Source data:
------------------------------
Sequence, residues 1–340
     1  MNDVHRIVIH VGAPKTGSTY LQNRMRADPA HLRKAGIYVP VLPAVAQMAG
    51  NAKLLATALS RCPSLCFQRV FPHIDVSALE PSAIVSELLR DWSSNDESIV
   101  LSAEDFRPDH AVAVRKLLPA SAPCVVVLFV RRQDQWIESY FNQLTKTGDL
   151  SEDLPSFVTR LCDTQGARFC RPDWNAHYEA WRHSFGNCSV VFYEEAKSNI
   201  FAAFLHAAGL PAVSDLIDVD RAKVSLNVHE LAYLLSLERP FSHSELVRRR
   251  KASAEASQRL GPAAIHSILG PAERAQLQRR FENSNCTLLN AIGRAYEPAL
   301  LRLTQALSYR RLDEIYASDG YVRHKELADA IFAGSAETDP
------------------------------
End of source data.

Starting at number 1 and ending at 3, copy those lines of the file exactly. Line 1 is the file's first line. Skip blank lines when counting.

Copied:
Sequence, residues 1–340
     1  MNDVHRIVIH VGAPKTGSTY LQNRMRADPA HLRKAGIYVP VLPAVAQMAG
    51  NAKLLATALS RCPSLCFQRV FPHIDVSALE PSAIVSELLR DWSSNDESIV